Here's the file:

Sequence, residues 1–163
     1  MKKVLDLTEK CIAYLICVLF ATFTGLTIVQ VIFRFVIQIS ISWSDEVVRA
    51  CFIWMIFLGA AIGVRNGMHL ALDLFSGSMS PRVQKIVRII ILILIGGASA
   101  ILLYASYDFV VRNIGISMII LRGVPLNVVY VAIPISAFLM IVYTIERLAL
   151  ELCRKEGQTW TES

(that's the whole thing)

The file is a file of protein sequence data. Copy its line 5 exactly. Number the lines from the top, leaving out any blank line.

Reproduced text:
   151  ELCRKEGQTW TES